Christmas shopping altered due to Covid-19

Christmas, synonymous with carols, lights and decorations, and battling the crowds at shopping centres, is set to look a little different this year – particularly, when it comes to shopping.

Thanks to Covid-19, a special report by Monash Business School’s Australian Consumer and retail Studies (ACRS) arm reveals that Australians are expected to spend less on their family and friends this holiday season, with many turning online to make their purchases.

The new figures compiled by Monash University researchers show that two-thirds of Aussie consumers are expected to hold out for sales or special deals before parting with their money this year, largely due to the uncertainty that the Covid-19 pandemic has caused – uncertainties around border closures, gathering restrictions, job losses and cuts to household income.

Stores versus online

While battling the hustle and bustle of a busy shopping centre during Christmas may not be everyone’s cup of eggnog, it does bring with it the many memories made during the holiday season.

However, the ACRS, which has been conducting a monthly shopper pulse with shoppers from around Australia investigating attitudes and behaviours towards Christmas retail in the context of Covid-19 since September, has found that the pandemic is having a strong impact on consumer Christmas shopping.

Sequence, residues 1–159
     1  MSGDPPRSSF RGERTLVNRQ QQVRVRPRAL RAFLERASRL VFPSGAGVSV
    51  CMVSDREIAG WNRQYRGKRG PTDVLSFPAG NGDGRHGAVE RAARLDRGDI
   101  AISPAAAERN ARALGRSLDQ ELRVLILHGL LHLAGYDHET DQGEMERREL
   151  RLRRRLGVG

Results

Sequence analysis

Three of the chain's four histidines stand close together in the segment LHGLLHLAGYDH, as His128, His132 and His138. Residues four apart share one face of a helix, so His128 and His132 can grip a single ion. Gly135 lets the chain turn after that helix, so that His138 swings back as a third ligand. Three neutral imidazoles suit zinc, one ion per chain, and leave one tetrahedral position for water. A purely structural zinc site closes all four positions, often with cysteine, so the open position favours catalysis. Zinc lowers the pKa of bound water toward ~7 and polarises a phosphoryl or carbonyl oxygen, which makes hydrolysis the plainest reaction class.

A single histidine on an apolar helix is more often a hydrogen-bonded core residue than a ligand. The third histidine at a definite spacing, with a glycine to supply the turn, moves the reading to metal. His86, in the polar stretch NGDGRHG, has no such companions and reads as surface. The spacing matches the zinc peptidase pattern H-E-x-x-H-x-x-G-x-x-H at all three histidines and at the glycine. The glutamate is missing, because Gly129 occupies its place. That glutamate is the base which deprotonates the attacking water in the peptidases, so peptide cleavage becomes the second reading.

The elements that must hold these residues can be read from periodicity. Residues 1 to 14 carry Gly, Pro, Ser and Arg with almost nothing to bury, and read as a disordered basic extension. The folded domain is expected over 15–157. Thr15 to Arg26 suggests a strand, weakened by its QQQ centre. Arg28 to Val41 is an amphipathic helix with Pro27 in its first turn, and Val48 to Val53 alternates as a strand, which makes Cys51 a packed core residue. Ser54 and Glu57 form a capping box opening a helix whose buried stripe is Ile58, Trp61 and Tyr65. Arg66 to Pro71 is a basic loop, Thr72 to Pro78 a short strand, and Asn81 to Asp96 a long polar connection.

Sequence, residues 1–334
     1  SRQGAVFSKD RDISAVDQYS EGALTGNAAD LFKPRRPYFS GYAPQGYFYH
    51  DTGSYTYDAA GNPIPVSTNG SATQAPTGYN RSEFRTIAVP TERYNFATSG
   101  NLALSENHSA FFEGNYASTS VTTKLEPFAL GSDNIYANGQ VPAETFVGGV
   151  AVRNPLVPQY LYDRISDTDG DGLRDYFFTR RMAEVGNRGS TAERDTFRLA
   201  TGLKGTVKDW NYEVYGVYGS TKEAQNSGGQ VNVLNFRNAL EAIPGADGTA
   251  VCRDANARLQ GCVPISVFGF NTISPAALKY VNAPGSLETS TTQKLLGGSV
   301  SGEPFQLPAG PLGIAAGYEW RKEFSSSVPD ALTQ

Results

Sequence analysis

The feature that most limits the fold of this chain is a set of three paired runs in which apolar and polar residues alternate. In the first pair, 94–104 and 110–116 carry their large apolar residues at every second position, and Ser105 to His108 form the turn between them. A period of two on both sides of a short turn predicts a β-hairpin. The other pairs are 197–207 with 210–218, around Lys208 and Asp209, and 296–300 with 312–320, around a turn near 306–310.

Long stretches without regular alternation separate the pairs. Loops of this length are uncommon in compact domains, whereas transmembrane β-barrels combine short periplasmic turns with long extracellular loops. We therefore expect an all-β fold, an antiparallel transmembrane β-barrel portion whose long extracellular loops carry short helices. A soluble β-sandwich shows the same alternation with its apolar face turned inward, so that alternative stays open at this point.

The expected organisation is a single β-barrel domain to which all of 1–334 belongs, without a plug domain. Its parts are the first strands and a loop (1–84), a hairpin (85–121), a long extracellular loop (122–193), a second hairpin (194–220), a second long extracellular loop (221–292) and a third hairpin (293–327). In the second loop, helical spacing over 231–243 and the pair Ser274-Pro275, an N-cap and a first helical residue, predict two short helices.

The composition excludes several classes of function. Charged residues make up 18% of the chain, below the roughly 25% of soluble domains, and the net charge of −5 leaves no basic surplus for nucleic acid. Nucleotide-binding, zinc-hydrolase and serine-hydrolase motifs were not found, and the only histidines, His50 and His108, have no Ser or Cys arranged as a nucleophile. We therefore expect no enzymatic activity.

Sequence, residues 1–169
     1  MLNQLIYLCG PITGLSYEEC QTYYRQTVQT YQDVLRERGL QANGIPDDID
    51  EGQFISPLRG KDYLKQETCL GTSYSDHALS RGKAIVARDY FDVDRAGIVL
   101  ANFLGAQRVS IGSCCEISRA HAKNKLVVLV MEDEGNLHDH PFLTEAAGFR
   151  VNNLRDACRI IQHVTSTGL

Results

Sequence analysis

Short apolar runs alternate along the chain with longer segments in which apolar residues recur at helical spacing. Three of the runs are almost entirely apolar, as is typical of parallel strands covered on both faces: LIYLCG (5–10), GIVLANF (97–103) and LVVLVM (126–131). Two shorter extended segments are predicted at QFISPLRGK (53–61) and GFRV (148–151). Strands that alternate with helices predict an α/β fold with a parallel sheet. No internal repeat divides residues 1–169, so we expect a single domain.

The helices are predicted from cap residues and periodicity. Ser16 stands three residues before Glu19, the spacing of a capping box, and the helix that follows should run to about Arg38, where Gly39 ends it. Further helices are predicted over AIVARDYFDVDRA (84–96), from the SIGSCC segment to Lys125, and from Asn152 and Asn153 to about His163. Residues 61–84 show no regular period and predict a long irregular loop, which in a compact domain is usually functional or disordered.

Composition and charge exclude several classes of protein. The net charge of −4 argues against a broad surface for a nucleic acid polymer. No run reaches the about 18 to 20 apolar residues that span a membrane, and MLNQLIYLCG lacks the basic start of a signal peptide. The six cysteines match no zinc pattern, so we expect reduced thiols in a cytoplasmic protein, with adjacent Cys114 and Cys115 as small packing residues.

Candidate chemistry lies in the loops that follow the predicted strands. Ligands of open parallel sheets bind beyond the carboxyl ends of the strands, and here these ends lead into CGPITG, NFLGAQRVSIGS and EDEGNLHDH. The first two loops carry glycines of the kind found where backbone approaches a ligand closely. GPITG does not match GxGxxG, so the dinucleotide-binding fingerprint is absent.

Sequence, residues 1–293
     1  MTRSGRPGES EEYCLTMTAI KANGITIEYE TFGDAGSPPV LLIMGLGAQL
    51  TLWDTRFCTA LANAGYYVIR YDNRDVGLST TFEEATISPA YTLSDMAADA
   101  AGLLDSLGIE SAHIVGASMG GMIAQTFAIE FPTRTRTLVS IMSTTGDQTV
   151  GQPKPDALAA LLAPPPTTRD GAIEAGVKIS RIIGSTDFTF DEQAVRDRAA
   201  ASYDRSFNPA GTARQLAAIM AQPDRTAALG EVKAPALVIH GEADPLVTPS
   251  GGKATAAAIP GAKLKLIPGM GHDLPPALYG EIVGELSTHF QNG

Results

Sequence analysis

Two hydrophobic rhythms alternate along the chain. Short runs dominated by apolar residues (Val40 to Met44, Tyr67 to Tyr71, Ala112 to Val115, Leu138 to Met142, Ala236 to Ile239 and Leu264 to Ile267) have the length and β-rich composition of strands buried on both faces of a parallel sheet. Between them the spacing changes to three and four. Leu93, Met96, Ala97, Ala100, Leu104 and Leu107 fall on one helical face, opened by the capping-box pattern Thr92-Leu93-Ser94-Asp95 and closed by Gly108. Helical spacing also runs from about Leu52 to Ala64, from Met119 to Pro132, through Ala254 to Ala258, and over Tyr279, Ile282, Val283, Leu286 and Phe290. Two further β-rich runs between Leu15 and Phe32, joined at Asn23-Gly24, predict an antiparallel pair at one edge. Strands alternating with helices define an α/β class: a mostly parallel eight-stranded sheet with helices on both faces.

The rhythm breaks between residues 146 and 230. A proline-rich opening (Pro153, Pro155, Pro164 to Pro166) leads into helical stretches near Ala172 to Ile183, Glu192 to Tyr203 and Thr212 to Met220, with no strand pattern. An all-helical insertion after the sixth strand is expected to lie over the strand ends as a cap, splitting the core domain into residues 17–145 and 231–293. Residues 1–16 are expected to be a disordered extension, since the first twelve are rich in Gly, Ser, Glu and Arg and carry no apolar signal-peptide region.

While physical stores will remain the most popular channels for Christmas purchases, more than a quarter of shoppers expect to use this channel less than last year (27%).

Conversely, about 20% of Australians expect to shop online more to make their Christmas purchases this year.

Australians are also turning to online marketplaces, with reports suggesting 17% will use this channel more than previous years.

“While Australia has nearly passed the pandemic’s second wave and thins are returning to a ‘new retail normal’ in time for Christmas – with physical stores open and various safety measures put in place – our research suggests most Aussies will use a mix of channels to make their Christmas purchases this year,” says Principal Research Consultant at the ACRS, Stephanie Atto.

What will consumers purchase?

According to the ACRS, while travel and tourism goods are expected to be hardest hit this year, clothing, footwear and accessories, personal care (e.g., cosmetics, baby care) and household goods are expected to be least impacted this year.

Ms Atto advises that given the disruption caused by the Covid-19 pandemic, with this year being “anything but typical”, retailers (including community pharmacies) need to “plan their Christmas product releases [and] think about how they’re going to [continue to] offer customers a safe in-store shopping experience”.